Associate Professor, Psychological and Brain Sciences
Family Research Scholar 2014-2015

Lisa Sanders investigates the neurocognitive mechanisms underlying auditory perception, speech processing, and selective attention across the lifespan. The goal of her research is to determine how attentional control and perceptual learning can lead to better perceptual outcomes, including understanding speech in background noise. To accomplish this goal, she uses behavioral, electrophysiological, and neuroimaging measures in listeners ranging from 20-months to 85-years of age. Sanders will be developing a grant proposal for a project entitled “Improving Older Adults’ Cognitive Control to Improve Perception of Speech in Noise.” She will be measuring the ability of older adults to localize sound in complex environments, to use spatial separation of a talker and noise to comprehend speech, and to use knowledge of how the sounds in a language typically work to boost understanding of speech in noisy environments. Improved communication in older adults is expected to support a higher quality of life for individuals and contribute to the success of their families.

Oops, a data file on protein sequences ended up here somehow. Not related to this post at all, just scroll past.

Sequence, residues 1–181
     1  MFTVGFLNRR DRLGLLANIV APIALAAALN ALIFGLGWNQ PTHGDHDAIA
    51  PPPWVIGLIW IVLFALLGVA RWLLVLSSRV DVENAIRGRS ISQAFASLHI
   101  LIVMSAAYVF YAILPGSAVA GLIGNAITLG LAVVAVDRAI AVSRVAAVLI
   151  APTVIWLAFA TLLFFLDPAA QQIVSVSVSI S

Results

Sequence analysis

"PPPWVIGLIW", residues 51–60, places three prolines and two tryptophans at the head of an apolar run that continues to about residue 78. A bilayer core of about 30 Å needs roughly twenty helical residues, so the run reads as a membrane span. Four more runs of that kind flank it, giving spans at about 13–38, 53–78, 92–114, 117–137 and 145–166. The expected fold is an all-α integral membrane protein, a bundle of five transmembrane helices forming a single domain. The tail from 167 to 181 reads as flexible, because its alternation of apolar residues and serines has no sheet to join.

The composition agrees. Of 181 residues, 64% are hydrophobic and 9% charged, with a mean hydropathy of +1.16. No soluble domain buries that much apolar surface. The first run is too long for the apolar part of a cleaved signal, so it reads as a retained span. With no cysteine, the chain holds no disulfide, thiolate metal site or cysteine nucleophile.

CRF Grants:
National Institutes of Health: Natl Institute of Child Health and Human Development

"Temporally selective attention facilitates language processing in young children"

Proposal submitted to NIH June 10, 2014; not accepted for funding. Proposal to be resubmitted on July 16, 2015. 

Grant Status: Pending
Lisa Sanders